Director: Anurag Kashyap
Writer: Anurag Kashyap
Cast: Karan Mehta, Alaya F, Vicky Kaushal
I admire filmmakers who refuse to get pigeonholed by their own legacies. For instance, there’s no such thing as a ‘Steven Spielberg film’ because of his sheer versatility; you can tell a Scorsese or a Tarantino film from the way they look and behave, but that’s rarely the case with Spielberg. Once considered a weakness, it’s now his greatest strength. Anurag Kashyap’s pursuit of this versatility, however, is fast turning into a cautionary tale. The pathbreaking Hindi director’s quest to divorce himself from the phrase “an Anurag Kashyap movie” started with the mercurial Manmarziyaan (2018). But after the perplexing Choked (2020) and the curiously distant sci-fi remake Dobaaraa (2022), Kashyap has pushed it way too far with Almost Pyaar with DJ Mohabbat.
The inexplicable title had actually given me hope – I wondered if perhaps Kashyap’s return to form would be sealed by an edgy, subversive riff on Gen Z life. But the film is worse than it sounds. It’s scattered, weird, incoherent and Almost Pointless. In fact, Almost Pyaar with DJ Mohabbat is so bereft of identity and voice that it feels like an Imtiaz Ali film gone rogue. I’m convinced that if I write the title enough times, the Pyaar Ishq Aur Mohabbat (2001) album will stop haunting my head. What’s Almost Pyaar with DJ Mohabbat about, then? I’ve watched the 121-minute film, but your guess is still as good as mine. The IMDB synopsis reads: “Young people finding themselves, finding love, looking for it, being hungry for it and prejudices, predatory behavior, homophobia, a total lack of willingness among the older generation to understand”. So basically it’s about everything – but also nothing.
I suppose the idea is to explore the generational conflicts and fears of an internet-nurtured India, one that’s often misunderstood by older storytellers. The trope is familiar: Two parallel narratives, two seemingly disparate couples connected by the almost-ness of love. Alaya F and newcomer Karan Mehta play both couples – a heavy-handed metaphor for the sameness of intolerance across cultures. What makes this gimmick confusing is that the script reveals them as doppelgangers in distant lands; side characters even comment on the uncanny resemblances, only for these scenes to go nowhere. There’s the small-town interfaith story in Dalhousie: Schoolgirl Amrita and local DVD peddler Yakub are buddies who make TikToks and ‘innocently’ elope to attend the concert of her favourite musician, DJ Mohabbat (Vicky Kaushal). They think it’s a harmless week-long trip, but much to their blissful ignorance, her Islamophobic family raises hell to hunt them down.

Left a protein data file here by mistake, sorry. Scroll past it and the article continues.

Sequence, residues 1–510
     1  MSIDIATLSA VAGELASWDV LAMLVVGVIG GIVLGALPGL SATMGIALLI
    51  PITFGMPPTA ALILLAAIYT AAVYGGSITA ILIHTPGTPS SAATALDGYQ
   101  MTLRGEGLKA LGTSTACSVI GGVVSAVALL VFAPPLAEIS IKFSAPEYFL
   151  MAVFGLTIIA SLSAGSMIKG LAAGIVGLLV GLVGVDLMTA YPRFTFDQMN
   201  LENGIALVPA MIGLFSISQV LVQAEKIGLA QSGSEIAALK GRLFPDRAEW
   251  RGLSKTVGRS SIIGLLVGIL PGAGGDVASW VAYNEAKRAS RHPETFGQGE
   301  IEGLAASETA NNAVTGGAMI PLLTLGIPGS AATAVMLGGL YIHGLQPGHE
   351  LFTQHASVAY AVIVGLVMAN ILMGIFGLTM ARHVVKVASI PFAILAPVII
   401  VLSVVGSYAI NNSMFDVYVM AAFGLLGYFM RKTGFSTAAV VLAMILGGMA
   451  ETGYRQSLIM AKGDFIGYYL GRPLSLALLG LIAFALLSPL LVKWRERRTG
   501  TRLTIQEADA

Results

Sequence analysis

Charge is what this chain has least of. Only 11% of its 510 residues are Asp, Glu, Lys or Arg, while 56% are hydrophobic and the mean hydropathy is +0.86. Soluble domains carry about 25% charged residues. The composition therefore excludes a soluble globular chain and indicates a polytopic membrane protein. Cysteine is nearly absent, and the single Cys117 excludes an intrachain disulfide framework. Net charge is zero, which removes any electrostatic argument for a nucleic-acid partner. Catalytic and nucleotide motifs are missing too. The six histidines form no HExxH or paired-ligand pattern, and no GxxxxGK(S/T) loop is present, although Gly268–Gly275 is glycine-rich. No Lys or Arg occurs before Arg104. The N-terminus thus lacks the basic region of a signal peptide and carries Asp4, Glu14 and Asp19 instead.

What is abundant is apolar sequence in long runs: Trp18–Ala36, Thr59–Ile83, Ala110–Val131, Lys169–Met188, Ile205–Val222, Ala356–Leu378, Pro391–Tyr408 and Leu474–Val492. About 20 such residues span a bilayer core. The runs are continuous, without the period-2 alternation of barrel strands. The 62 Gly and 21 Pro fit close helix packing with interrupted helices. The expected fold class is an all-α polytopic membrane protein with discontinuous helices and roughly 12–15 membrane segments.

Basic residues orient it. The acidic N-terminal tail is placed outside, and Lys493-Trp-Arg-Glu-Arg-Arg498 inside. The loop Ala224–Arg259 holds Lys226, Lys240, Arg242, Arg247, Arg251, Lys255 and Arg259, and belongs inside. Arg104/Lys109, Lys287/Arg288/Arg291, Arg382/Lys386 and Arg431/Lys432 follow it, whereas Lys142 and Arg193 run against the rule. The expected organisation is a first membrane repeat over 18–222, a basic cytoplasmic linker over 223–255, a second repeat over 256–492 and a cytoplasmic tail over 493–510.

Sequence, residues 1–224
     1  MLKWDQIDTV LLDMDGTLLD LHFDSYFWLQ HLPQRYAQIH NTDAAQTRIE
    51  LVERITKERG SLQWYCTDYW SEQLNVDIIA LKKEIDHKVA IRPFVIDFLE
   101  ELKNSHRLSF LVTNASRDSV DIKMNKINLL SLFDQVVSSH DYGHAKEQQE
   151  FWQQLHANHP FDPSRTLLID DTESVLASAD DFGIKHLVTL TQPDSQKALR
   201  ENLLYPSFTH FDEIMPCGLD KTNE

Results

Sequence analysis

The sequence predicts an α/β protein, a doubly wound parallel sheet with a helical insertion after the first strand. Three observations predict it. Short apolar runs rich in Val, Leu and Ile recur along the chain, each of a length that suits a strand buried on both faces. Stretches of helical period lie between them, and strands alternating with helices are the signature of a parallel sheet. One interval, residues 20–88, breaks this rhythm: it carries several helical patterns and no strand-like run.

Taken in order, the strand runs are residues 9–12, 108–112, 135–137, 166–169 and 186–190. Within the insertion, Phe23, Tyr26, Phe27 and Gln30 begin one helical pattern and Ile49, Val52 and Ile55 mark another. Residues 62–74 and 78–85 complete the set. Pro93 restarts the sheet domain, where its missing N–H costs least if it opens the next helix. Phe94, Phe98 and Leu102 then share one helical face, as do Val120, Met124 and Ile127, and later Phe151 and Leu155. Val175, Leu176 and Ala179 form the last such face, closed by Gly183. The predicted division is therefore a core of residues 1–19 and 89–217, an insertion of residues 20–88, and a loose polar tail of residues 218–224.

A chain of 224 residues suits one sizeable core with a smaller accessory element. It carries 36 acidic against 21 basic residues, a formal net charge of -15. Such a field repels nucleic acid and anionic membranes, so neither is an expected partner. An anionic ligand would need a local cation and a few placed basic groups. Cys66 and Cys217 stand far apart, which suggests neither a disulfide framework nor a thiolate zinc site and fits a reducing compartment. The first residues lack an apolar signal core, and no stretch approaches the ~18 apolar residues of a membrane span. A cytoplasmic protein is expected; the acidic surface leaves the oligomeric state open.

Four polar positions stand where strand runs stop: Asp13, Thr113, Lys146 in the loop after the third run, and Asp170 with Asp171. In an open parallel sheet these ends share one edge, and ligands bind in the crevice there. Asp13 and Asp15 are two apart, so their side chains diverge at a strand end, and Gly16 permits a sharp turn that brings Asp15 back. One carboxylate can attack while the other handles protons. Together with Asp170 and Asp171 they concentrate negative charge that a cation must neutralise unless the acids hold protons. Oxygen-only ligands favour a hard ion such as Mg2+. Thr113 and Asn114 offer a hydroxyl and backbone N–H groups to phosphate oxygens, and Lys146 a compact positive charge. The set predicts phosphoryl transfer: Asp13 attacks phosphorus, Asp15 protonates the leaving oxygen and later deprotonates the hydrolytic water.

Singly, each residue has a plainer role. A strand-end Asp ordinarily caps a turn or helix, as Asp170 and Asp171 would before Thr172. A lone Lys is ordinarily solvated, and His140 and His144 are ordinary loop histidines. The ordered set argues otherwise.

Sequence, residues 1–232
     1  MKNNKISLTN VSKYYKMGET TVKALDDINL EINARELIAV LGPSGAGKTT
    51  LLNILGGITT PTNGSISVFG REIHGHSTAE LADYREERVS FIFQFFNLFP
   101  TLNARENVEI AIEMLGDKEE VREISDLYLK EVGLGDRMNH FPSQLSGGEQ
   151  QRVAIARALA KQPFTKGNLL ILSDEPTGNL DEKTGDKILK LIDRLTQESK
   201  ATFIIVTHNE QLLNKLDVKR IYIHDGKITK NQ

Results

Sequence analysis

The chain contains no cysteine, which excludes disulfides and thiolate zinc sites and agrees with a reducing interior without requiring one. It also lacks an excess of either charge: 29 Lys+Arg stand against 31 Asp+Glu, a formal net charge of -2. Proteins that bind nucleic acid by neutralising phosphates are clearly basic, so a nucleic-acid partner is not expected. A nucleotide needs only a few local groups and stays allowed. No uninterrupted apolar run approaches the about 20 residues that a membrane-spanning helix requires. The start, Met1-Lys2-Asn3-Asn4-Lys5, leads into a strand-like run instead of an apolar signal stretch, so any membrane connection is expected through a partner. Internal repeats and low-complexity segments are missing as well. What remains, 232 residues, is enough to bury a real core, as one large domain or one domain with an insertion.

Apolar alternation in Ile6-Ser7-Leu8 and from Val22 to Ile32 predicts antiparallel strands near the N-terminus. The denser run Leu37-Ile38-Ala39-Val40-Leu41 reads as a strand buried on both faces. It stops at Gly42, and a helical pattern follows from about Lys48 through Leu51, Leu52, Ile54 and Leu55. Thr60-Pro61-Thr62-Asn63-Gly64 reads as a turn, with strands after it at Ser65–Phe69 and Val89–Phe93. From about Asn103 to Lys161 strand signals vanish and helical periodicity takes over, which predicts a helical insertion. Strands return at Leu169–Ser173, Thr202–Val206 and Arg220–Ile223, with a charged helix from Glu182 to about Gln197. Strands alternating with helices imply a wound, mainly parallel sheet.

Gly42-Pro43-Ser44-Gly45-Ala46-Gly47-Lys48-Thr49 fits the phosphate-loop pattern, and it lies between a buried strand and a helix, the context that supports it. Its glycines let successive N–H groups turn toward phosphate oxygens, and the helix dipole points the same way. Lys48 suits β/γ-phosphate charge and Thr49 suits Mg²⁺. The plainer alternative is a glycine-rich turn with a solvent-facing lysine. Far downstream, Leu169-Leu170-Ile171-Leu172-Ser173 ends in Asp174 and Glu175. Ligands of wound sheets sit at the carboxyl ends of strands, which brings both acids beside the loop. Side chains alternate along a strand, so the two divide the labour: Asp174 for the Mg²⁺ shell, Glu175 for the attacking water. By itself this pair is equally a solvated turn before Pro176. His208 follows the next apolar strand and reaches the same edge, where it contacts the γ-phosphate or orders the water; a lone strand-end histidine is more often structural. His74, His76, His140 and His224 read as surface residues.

Then there’s the big-city interclass story in London: Aisha, the spoilt teen daughter of a Pakistani billionaire, gets obsessed with a painfully shy Sikh musician, Harmeet. The bratty girl stalks him and bulldozes her way into his modest life, oblivious to the consequences that lay beyond. The voice-over is provided in the form of a podcast by DJ Mohabbat, who narrates meandering fables as if he’s a wannabe poet trying to impress Gulzar by doing a budget Rumi. There are also Amit Trivedi’s songs in this musical, which more or less sound like they’re one youth anthem broken into many hipster parts. And Shellee’s lyrics, which take the English-words-in-Hindi-songs syndrome too far by rhyming terms like constitution and institution in the track that’s not named Netflix And Chill. Kashyap used to be a master at integrating music – especially Trivedi’s music – into his films. But here he forgets to integrate some film into a soundtrack that aims to convince us how kids today have eclectic tastes.